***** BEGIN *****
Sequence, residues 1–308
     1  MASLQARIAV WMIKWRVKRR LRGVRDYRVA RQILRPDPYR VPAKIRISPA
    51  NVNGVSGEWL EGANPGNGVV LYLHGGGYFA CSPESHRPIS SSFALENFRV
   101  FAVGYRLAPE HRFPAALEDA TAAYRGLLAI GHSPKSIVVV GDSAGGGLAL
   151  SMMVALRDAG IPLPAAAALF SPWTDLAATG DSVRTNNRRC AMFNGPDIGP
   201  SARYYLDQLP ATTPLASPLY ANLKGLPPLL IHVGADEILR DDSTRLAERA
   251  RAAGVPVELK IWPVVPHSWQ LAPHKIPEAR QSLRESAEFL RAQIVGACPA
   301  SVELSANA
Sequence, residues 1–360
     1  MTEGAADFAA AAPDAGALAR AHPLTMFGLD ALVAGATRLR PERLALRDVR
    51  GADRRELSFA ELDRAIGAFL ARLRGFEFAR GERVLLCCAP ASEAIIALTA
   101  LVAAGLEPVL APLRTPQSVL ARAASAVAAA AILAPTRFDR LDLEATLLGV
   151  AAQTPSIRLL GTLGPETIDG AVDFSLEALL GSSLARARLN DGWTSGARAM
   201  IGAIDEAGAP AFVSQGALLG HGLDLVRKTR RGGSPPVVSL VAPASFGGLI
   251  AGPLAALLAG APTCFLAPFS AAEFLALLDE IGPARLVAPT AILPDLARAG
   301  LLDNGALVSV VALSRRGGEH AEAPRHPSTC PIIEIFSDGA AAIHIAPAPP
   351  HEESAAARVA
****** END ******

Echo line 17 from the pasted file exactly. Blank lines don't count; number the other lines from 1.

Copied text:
   351  HEESAAARVA